In 1692, busy Port Royal was arguably one of the wealthiest ports in the Caribbean. All that changed
in a matter of minutes on June 7th  in a trifecta of catastrophe. At approximately 11:43 in the morning, a massive earthquake rocked the island. The ground split, buildings crumbled. There was no place to hide from the destruction. No place safe. The earthquake was just the beginning. As the ground shook, the water-saturated sand beneath the city separated and became unstable, behaving like quicksand. This phenomenon is called liquefaction. Entire buildings sank straight down into the earth, taking everything and everyone with them. The earthquake shocks reportedly created liquefaction waves. With each passing wave, people became trapped in the ground as the sand solidified, crushing them to death. Unfortunately, that was not the end of it. The earthquake created a tsunami. As the tsunami rushed through Kingston Harbor, it bounced off the surrounding shores, sending multiple waves back to batter Port Royal.

Once the cataclysms subsided, two-thirds of the city (about thirty-three acres) had sunken beneath the sea and thousands of people lost their lives. The aftermath included a great many floating, decaying corpses and looting of homes, businesses, and bodies. No rest for the wicked. Many in the rest of the world felt that the destruction was divine intervention. But in all likelihood, being built on a sandy peninsula in an active fault zone doomed the port town from the beginning.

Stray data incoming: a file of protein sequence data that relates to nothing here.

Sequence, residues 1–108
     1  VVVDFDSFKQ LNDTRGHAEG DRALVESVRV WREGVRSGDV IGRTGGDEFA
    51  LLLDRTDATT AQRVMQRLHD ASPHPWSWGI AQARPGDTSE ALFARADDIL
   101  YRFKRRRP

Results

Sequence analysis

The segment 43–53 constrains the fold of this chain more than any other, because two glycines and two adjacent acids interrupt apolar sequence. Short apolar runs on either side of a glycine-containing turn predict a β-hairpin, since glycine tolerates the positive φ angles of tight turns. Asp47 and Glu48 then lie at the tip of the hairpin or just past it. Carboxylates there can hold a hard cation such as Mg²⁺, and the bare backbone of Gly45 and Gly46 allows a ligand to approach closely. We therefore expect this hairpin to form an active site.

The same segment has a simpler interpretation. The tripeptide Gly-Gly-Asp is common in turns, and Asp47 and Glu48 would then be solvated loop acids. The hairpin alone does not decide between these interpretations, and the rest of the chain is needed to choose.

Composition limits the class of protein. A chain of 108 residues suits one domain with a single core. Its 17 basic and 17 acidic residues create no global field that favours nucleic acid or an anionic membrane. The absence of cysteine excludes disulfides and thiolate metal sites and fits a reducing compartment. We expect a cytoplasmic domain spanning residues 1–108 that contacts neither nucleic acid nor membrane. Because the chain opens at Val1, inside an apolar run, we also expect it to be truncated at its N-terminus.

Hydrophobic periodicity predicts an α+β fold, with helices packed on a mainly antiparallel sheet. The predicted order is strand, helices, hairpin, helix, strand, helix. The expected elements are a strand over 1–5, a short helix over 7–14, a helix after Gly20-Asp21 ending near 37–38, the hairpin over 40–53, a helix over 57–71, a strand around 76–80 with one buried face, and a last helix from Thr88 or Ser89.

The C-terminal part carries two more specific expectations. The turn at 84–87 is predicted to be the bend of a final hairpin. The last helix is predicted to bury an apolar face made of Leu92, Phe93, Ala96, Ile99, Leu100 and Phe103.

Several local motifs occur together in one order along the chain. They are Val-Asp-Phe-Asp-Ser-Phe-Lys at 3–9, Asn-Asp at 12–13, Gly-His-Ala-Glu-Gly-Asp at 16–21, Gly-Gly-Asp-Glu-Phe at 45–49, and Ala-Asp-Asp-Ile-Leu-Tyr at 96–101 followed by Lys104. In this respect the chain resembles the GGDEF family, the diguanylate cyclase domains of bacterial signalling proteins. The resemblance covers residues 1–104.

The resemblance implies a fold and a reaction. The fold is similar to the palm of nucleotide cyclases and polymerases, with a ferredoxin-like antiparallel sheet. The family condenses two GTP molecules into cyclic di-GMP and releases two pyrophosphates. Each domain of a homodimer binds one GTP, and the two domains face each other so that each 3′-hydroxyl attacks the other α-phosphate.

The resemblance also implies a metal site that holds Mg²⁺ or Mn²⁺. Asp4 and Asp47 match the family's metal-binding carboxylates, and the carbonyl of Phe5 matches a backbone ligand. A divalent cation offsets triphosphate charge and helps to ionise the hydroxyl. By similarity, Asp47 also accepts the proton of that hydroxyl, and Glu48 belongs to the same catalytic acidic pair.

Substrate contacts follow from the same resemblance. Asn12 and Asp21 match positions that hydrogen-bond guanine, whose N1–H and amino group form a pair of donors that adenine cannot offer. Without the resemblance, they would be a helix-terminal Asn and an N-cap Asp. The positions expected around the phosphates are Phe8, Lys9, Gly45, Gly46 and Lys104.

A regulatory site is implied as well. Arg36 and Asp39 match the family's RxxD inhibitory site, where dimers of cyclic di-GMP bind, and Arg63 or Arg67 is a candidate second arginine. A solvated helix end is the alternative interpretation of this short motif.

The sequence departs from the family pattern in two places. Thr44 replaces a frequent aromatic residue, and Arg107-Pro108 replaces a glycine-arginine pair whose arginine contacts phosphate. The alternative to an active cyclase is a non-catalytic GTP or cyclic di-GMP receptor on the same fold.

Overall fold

Though not completely swallowed up by the sea, Port Royal never regained her power and wealth.

About the Author
Jennifer is the award-winning author of the Romancing the Pirate series. Visit her at www.jbrayweber.com or join her mailing list for sneak peeks, excerpts, and giveaways.



Tuesday, July 4, 2017

A JULY 4TH THAT ALMOST WASN’T by Kathleen Bittner Roth

A JULY 4TH THAT ALMOST WASN’T

by Kathleen Bittner Roth


July 4th 1776 didn’t start out as a holiday to be celebrated with family gatherings, picnics, and fireworks. Actually, it wasn’t until 1870, nearly a hundred years after the Declaration of Independence was written before Congress declared July 4th as a national holiday. And it wasn’t until 1939 and 1941 that further legislation regarding national holidays such as Christmas and Easter included July 4th as a day of celebrating the birth of the United States of America.

Thomas Jefferson

In fact, July 4th wasn’t the day the Continental Congress declared Independence from Great Britain. The first draft was written by Thomas Jefferson back in June of that year, and declared on July 2nd. The document wasn’t delivered to a surprised British government until the following November.